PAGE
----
Jan. 1, 2020
On a day when most of us are looking ahead to a new year and a new decade, I’m taking a glance back a hundred years, to when Utahns were proudly pointing to their state’s first national park – Zion – and were already anticipating their second, at Bryce Canyon.
Zion National Park was established on November 19, 1919, when President Woodrow Wilson signed legislation that had been cosponsored by Utah senator Reed Smoot. What had been a small national monument with the unwieldy name of Mukuntuweap would take its place alongside such wonders as Yellowstone, Yosemite and Grand Canyon. Newspapers in the state heralded the move with headlines such as “Utah’s Scenery at Last Recognized” and “Fight for Wonderland Is Won.”
It was a moment of great pride for the Beehive State’s scenery boosters, but foremost on their minds was to build a tourism industry that could compete with neighboring states. Newspaper editors and commercial clubs lost no time in trumpeting the great wonder of Utah’s southlands. “The way is open to you,” exulted the Salt Lake Tribune. “Modern service opened by roads of steel, allied by the distance-defying motor car and the building of good highways, has rendered all this possible.”
The St. George Washington County News, taking a more realistic view of the primitive transportation infrastructure of southwestern Utah, called for building a new rail spur to Cedar City from the distant desert stop at Lund, on the Union Pacific’s Salt Lake-Los Angeles route, and a new hotel to accommodate the thousands of tourists it expected to arrive.
A map of the new Zion National Park, printed in the Salt Lake Tribune (see below), hints at the lack of good access and accommodations. A dirt road, often muddy and rutted, led up from Rockville and Springdale into the canyon as far as Weeping Rock, beyond which a trail continued up into the Narrows of the Virgin River. The Wylie tent camp, located in a shady grove of cottonwood trees just south of the present-day Zion Lodge, offered the only overnight accommodations. To get to the park by car was a real adventure, and tales abounded of motorists getting stuck or suffering breakdowns.
Map of the newly created Zion National Park, from the Salt Lake Tribune, Nov. 25, 1919
Road improvements were not long in coming: by 1924 a gravel-surfaced road had been built from the park’s south entrance to the Temple of Sinawava, a mile below the mouth of the Zion Narrows. Funds for the $70,000 project came from the federal government, thanks to the 1921 Federal Aid Highway Act, which provided a fifty percent share of costs for the states’ highway building programs. National parks such as Zion thus became a means for money-starved rural areas to fund transportation improvements, which benefitted everyday commerce as well as tourism. This helped to cement a close association between local business interests, the road construction industry, and the federal government – a so-called “iron triangle” which would persist throughout much of the twentieth century, and help pave the way (almost literally) for new park acquisitions throughout the West. By the 1930s, in fact, auto travel to Utah’s national park units would outstrip the numbers of passengers arriving on railroad-sponsored tours.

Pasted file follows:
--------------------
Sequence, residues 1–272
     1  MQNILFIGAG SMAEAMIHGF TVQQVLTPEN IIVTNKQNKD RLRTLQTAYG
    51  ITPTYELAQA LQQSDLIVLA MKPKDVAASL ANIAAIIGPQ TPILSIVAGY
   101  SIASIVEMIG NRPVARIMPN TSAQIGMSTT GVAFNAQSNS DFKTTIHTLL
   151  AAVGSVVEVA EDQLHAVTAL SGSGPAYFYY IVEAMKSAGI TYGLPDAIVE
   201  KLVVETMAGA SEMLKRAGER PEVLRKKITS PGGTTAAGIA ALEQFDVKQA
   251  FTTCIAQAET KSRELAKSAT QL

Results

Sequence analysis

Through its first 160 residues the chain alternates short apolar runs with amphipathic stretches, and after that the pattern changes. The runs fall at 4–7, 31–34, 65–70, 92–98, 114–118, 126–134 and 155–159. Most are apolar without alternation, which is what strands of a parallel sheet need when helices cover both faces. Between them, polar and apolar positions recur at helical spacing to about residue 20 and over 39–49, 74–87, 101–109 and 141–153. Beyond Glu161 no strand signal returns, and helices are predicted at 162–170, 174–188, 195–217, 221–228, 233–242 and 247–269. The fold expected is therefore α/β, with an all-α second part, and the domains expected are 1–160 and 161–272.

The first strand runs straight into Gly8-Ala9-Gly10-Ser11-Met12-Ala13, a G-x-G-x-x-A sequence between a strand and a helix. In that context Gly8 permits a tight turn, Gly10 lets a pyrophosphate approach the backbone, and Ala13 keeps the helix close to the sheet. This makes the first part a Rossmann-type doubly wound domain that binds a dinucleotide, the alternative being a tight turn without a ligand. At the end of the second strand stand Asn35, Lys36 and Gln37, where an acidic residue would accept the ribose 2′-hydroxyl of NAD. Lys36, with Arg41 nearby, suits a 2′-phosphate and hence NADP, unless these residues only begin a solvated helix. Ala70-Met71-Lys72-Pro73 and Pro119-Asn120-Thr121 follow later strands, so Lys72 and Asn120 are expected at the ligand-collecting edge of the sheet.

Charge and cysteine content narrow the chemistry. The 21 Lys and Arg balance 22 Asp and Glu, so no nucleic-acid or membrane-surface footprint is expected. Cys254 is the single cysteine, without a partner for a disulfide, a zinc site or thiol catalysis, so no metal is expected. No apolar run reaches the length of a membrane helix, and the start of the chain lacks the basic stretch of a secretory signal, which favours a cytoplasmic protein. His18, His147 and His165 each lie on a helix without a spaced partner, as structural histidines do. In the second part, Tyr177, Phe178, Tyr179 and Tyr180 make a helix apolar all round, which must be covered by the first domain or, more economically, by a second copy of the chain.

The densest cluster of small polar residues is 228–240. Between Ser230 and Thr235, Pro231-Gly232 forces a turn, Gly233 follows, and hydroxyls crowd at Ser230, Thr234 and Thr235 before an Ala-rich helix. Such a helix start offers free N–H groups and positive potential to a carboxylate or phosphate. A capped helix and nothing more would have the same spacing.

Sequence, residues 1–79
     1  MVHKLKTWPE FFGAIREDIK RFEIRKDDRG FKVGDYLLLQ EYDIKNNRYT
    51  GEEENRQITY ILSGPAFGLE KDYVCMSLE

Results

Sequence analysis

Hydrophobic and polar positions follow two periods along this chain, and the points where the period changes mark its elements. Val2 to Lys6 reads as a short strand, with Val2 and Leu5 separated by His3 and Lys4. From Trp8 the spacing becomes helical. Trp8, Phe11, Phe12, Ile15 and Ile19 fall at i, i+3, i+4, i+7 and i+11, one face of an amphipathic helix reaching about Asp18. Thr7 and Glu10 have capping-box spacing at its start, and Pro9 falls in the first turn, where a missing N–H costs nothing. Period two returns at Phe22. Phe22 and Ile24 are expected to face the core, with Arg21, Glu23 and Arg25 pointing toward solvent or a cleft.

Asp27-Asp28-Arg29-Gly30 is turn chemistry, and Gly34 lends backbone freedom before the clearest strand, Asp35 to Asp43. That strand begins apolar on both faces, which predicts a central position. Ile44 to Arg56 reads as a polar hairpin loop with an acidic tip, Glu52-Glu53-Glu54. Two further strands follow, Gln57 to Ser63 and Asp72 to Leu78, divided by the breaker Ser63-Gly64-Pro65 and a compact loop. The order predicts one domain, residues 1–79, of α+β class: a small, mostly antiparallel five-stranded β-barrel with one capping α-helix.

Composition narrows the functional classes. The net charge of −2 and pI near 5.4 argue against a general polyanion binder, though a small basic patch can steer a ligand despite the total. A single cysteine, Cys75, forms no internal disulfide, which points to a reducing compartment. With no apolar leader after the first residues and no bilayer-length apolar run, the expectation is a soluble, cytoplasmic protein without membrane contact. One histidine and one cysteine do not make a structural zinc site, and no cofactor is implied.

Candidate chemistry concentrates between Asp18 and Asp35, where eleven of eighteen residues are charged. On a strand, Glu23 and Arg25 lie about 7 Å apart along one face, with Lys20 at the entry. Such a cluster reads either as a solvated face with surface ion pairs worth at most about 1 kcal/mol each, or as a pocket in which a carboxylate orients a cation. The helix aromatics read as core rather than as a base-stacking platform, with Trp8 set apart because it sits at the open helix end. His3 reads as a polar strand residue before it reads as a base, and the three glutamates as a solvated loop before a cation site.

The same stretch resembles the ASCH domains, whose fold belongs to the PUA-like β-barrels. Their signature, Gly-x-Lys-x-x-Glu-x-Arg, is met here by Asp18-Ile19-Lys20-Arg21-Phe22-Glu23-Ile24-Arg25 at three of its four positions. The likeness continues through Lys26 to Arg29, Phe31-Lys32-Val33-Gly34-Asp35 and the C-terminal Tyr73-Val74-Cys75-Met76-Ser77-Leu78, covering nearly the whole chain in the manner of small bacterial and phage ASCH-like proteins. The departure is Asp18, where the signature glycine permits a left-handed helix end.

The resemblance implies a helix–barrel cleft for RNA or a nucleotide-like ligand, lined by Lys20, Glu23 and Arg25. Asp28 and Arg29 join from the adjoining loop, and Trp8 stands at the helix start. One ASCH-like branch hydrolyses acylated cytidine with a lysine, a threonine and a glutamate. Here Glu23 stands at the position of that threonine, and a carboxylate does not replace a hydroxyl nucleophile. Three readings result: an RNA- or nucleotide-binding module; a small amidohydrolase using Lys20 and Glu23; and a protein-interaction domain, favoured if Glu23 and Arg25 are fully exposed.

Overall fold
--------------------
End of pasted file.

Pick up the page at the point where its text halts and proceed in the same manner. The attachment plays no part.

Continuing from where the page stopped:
Throughout the 1910s and 1920s, however, the Union Pacific, through its Utah Parks Company subsidiary, held a tight hold on travel to Zion, and later to Bryce Canyon, which was established as a national monument in 1923 and upgraded to a national park the following year. The UPC’s long, powerful touring cars, some equipped with open tops for sightseeing, delivered passengers to the Wylie camp in Zion until 1924, when the railroad completed the rustic-but-elegant Zion Lodge, designed by Los Angeles architect Gilbert Stanley Underwood. Another Underwood-designed lodge opened at Bryce Canyon in 1925. The way was now clear for the thousands of tourists to see these twin wonders of the desert, as part of a five- or six-day auto tour from the newly built railhead in Cedar City. The tour included a two-night stop at another Underwood lodge at the North Rim of the Grand Canyon, newly accessible via a long road across the dusty, windswept Arizona Strip. The return leg from Bryce Canyon included a lunch stop at Cedar Breaks, soon to become a national monument.
Utah Parks Company motor coaches line up outside the original Zion Lodge, around 1929.
Library of Congress
Travel to these remote but scenic locations remained arduous, but the UPC's tour guests knew that at the end of the day they would be welcomed by friendly hotel staff, a good meal, and some of the most stupendous vistas on tap anywhere. This long-overlooked corner of the American West was heading into the big time, thanks to the cooperative relationships forged by the National Park Service, the railroads, the road lobby, and the hospitality industry. National parks were for many decades considered “business friendly” and a means to boost local economies. This supportive attitude persisted in Utah until the mid 1970s, when a great change in the management philosophy of the National Park Service began to create dissension over the role that parks would play in southern Utah’s economy.
More later in this series of “lookbacks” at Utah’s national park system, in advance of my next book, Wonders of Sand and Stone, to be out this spring.
Zion auto decal, 1923. National Park Service